Review: Brandi Carlile, 'By The Way, I Forgive You'
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Empowerment anthems have had a good run since the early aughts, during which time we grew accustomed to hearing powerhouse pop singers turn downtrodden verses into launching pads for triumphant hooks. That tried-and-true way of displaying feminine strength made the moment of overcoming tribulation feel almost inevitable.
Throughout that era, Brandi Carlile devoted her big voice and pop instincts (typically filtered through arena-scale rock, torchy country or folk) to plenty of high-stakes songs, too, but there was nothing sleek about her performances. With the squalling urgency of her songwriting and the serrated exertion of her vocal attack, she's accentuated the emotional labor involved in speaking truth, confronting sources of pain and resisting alienation. To her listeners, it's registered as heroism.During the promotional campaign leading up to By The Way, I Forgive You, the sixth studio album by Carlile and her bandmates, twin brothers Tim and Phil Hanseroth, she posted an open letter to a Baptist minister she knew in her teens. In front of her family and friends, he'd refused to perform her baptism (an essential symbol of belonging to the faith tradition) on the basis of her sexuality. "I don't believe you did it to humiliate me," she wrote. "I think you struggled with the decision and simply ran out of time." She meant the note as a public display of forgiveness — not some sort of limp, passive, permissive gesture, but a deliberate, self-aware one that acknowledged how profoundly wounding the experience was for her. It foreshadowed the emotional resolve of the 10 tracks to come.Some of the songs on By The Way, I Forgive Youapply humanizing empathy to the stories of people written off by society. The gospel-rocker "Sugartooth" takes seriously the torment that drove an old friend to addiction and suicide; "Fulton County Jane Doe," whose strummy guitar intro recalls Buffalo Springfield's "For What It's Worth," tenderly reclaims a murder victim from anonymity.
Though songs about breakups tend to focus on the immediate aftermath, burning anger as fuel, Carlile and the Hanseroths — who share all writing credits — capture how those feelings can gradually mellow in "Every Time I Hear That Song." The protagonist has faced the fact that she devoted herself to a one-sided partnership and found herself better off without it, but she hates to see her ex still mired in misery. There's a rueful, wilting quality to the melody of the chorus, which alternates between handsome three-part harmony and Carlile singing alone in a frayed, tender vibrato.
She illuminates how taxing devotion can be in "Party of One." It's just her and piano to begin with, the chords following her labored sighs as she sings of continually having to fight the impulse to withdraw from intimacy. The track eventually flowers into a lush, orchestral vamp. "I am tired," she murmurs several times in a row, before doggedly delivering a new refrain: "I am yours."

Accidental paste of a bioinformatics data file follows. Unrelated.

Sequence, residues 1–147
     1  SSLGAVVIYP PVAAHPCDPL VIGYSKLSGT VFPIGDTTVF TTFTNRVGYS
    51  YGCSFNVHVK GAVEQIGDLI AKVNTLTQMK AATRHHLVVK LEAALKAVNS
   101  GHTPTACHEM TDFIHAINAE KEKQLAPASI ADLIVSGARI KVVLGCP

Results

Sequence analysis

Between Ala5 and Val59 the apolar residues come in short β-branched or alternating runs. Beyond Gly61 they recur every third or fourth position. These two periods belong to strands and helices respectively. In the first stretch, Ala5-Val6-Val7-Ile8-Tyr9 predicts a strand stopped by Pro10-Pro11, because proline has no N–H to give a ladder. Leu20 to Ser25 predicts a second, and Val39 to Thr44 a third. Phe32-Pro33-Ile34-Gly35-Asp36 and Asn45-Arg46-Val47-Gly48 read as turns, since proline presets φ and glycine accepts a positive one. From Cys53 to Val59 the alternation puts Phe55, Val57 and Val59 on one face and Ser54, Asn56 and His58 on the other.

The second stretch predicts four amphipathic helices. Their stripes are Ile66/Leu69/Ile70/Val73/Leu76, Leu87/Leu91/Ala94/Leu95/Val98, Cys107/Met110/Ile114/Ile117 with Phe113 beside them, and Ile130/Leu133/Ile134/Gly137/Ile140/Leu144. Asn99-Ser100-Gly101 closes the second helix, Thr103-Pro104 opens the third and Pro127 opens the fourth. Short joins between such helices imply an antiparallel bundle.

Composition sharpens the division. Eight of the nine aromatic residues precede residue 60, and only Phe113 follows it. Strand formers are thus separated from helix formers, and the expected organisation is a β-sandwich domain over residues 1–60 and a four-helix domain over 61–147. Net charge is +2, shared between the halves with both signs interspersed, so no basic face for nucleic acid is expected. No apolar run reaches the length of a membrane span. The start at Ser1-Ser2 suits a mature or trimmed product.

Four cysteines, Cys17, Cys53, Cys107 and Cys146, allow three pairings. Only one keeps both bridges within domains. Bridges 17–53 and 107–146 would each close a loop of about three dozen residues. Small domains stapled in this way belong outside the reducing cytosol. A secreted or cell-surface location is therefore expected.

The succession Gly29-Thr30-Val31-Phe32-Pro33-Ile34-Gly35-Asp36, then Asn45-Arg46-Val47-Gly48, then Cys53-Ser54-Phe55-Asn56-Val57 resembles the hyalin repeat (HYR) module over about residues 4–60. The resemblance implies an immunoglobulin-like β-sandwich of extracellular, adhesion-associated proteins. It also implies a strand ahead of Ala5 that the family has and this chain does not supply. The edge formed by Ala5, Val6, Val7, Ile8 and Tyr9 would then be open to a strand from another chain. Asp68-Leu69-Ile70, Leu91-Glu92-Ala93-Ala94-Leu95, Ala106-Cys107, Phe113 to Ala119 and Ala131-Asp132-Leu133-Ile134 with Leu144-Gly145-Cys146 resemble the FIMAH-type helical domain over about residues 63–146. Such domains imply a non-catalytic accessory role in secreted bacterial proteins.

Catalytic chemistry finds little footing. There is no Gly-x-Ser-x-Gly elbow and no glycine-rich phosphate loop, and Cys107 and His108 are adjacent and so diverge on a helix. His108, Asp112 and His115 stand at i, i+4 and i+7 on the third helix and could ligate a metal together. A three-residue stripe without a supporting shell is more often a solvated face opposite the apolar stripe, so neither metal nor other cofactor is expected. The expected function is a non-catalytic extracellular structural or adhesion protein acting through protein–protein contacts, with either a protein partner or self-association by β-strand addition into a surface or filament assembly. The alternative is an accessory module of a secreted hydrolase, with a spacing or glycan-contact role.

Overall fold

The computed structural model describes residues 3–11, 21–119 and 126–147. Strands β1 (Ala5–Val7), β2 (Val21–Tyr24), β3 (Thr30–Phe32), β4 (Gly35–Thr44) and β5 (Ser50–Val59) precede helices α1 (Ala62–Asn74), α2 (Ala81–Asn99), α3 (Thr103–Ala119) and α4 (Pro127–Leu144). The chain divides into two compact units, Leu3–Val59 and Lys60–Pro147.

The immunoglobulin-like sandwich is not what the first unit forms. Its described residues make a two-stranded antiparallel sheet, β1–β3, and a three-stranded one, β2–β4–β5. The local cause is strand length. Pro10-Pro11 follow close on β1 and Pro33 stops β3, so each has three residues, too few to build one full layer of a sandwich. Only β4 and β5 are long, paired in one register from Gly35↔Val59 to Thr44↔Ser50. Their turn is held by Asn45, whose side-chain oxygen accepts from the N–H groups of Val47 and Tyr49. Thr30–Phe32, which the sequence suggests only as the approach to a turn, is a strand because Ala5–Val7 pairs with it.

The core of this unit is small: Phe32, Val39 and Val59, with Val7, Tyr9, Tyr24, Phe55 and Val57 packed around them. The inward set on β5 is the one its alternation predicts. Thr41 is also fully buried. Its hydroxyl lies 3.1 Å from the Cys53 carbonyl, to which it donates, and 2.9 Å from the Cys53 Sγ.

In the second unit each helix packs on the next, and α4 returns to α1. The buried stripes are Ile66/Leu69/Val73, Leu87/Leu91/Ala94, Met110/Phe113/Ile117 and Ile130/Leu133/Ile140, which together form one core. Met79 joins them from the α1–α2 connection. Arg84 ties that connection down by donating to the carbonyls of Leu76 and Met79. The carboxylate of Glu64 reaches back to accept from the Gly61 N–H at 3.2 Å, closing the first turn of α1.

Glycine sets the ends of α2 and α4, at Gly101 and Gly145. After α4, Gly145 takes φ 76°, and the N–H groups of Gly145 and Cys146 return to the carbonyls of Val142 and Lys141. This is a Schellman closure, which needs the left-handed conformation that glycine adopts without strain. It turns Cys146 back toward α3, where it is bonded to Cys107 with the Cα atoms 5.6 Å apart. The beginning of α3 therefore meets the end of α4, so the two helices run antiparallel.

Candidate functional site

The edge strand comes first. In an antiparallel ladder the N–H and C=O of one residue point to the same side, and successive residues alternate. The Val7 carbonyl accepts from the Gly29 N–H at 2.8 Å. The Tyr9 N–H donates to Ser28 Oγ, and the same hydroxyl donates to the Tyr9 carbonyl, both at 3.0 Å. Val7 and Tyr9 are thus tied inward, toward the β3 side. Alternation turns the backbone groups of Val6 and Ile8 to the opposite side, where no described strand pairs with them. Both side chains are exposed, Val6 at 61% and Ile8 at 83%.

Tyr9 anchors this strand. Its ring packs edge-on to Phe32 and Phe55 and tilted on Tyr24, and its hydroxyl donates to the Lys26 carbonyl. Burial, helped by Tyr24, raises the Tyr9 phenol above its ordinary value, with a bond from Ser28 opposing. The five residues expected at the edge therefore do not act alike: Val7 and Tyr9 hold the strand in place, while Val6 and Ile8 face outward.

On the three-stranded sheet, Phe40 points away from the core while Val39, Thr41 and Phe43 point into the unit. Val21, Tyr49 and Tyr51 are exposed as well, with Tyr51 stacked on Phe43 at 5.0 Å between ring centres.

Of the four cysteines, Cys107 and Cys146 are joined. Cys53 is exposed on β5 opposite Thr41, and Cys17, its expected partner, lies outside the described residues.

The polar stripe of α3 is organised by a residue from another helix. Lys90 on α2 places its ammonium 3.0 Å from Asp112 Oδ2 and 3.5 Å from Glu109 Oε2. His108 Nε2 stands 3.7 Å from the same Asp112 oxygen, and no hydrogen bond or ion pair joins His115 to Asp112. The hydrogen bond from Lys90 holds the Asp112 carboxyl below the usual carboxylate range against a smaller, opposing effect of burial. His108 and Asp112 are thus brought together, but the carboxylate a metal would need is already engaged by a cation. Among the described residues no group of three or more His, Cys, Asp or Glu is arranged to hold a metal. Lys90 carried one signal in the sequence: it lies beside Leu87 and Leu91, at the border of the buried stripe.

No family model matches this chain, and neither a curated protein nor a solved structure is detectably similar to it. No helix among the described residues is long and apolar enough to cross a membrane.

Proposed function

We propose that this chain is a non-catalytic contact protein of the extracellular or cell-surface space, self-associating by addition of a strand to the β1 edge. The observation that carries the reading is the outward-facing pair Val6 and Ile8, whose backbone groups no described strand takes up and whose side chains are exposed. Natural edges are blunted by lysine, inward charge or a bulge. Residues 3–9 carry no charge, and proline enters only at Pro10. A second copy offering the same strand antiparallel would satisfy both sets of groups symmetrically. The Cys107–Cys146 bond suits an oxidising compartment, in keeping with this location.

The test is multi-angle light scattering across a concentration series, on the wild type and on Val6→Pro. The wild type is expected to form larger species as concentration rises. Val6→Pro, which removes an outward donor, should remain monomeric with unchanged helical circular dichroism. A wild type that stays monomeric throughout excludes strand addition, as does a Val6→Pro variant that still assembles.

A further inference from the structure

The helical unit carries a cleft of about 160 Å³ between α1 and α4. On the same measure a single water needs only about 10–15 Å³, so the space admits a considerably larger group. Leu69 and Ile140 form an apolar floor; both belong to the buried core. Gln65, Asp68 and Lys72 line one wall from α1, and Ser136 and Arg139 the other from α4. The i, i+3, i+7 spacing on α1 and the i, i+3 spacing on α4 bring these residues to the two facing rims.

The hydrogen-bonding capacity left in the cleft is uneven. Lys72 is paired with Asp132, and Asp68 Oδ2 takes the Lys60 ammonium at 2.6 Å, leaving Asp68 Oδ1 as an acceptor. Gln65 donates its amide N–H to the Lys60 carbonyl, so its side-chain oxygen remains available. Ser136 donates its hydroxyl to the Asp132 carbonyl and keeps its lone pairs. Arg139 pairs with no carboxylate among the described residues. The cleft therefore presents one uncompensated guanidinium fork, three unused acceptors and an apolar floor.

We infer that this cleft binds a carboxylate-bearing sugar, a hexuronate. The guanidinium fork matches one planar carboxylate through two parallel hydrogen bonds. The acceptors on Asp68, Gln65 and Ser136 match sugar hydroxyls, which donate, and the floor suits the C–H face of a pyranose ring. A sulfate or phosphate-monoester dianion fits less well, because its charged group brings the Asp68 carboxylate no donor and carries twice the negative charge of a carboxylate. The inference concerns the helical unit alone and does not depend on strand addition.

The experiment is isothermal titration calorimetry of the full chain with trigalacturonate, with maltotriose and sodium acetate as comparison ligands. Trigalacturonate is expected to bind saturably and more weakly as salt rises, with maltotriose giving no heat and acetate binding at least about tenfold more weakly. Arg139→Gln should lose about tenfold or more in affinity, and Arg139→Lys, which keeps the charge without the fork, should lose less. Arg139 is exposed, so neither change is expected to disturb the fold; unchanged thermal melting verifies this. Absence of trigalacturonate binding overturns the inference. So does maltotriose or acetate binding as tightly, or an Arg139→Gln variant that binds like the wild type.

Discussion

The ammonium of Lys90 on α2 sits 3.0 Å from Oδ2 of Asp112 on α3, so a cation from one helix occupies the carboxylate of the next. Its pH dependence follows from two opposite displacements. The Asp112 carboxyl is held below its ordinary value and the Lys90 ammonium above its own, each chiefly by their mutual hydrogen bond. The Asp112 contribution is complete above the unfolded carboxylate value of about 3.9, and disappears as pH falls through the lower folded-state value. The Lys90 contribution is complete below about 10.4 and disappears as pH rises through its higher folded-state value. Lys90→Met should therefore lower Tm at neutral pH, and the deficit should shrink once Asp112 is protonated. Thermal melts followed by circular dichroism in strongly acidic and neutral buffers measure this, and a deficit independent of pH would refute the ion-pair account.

In "The Mother," Carlile measures the toll of parenthood. Over a circling acoustic guitar figure, she hurdles from one line to the next, her phrasing both insistent and conversational. "The first things that she took from me were selfishness and sleep / She broke a thousand heirlooms I was never meant to keep," Carlile testifies, her complaints leavened with affection. But she makes it clear that she doesn't regret having surrendered so much of her autonomy: "All my rowdy friends are out accomplishing their dreams / But I am the mother of Evangeline."
Carlile and the Hanseroths have recorded with a symphony in the past, so it's not like this is the first time that their music's received extravagant treatment. This time, they placed the production in the hands of Dave Cobb and Shooter Jennings, who had the grand, historic space of Nashville's RCA Studio A at their disposal. Cobb and Jennings make the most of string arrangements from the late Peter Buckmaster, and those three studio partners helped Carlile expand the range of her expression.When the propulsive country number "Harder To Forgive" builds to a thunderous, triplet march, she exerts herself without restraint, delivering tremulous, bleating high notes. During "The Joke," which is sure to become a fan favorite, she makes poignant use of the breaks in her voice, much as Dolores O'Riordan did. She spends the verses gently reassuring vulnerable kids who were ridiculed for not following masculine and feminine scripts, then soars toward righteous indignation at the chorus. "I have been to the movies," she sings, her passion forcing fissures in certain notes. "I've seen how it ends / And the joke's on them."
It's the sound of an artist laying it all on the line.
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